A women Veteran, after thanking me for the gift card, recounted a life that over the last couple of years spiraled out of control, repeating cycles of substance abuse, homelessness, rehab, then a tipping point and repeat cycle. The day she received the gift card was her first day sober. I gave her one of our challenge coins with the words “Wellness. Courage. Resilience. Veteran” circling the outer perimeter of the coin’s face. When your life goes sideways, I said, find the coin and fold it into your palm and let it be your rock. She sent me an email the next day thanking me for the coin. “Day two of being sober,” she wrote. Day two. The journey has to begin somewhere; better today than tomorrow. The $100 gift card momentarily flicked on the light switch, buying her a little light for the day.
Pamlico Rose Institute (PRI) is a Washington, NC, nonprofit 501(c)(3) with a primary mission to advance wellness and resilience-building (Total Life Fitness/TLF) programs for women Veterans promoting healthy living and positive prevention strategies. TLF involves meaningful and persistent attention to daily activities that rest on the intersection of nature, creative expression, movement and building community. Living fit also utilizes behavioral and interpersonal skills to build and engage a supportive community. Finally, TLF includes self- transcendence – connecting to others, a cause or beliefs beyond self – as an important element in living fit.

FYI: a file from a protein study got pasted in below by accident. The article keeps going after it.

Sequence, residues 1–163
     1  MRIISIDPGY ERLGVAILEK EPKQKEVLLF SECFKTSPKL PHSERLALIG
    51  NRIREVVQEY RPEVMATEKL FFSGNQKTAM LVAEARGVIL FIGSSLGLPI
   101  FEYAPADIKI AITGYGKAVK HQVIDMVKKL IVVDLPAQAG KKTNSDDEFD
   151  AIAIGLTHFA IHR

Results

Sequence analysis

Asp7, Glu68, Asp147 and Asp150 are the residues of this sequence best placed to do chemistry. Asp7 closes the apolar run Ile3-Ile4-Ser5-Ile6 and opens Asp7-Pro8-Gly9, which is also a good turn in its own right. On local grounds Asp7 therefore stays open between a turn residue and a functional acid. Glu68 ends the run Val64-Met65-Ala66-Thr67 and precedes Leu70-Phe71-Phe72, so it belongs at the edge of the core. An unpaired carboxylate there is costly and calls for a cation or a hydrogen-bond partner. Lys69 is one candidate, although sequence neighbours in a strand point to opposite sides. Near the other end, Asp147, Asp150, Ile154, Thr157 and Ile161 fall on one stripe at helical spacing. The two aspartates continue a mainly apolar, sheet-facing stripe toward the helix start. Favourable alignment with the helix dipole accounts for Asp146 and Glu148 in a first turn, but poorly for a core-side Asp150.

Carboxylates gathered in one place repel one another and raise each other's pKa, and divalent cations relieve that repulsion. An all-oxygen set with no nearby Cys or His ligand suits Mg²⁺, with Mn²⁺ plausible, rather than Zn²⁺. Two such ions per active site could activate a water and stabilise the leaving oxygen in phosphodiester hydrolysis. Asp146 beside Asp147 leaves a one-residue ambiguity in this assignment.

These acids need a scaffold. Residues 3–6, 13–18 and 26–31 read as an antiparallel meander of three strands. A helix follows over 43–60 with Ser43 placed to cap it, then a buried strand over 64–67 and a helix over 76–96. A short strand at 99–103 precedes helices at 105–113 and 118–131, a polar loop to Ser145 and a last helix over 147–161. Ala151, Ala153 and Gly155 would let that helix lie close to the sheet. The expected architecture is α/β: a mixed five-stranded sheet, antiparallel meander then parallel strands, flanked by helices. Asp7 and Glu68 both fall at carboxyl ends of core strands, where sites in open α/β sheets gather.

PRI’s home is the Rose Haven Center of Healing and includes a renovated 1892 farmhouse, an adjacent historic barn soon to be renovated as a multipurpose support facility, and 1/2 block of healing landscape composed of the Betty Ann Sands Artful and Healing Gardens, with a meditation area, garden labyrinth and the raised bed produce gardens. The Center hosts retreats and day programs and is home for woodworking and gardening programs for Veterans and community members. PRI’s efforts also involve virtual and online wellness and resilience programming to help reach a greater audience and hosting events and activities to raise awareness of issues affecting women Veterans and other Veteran populations.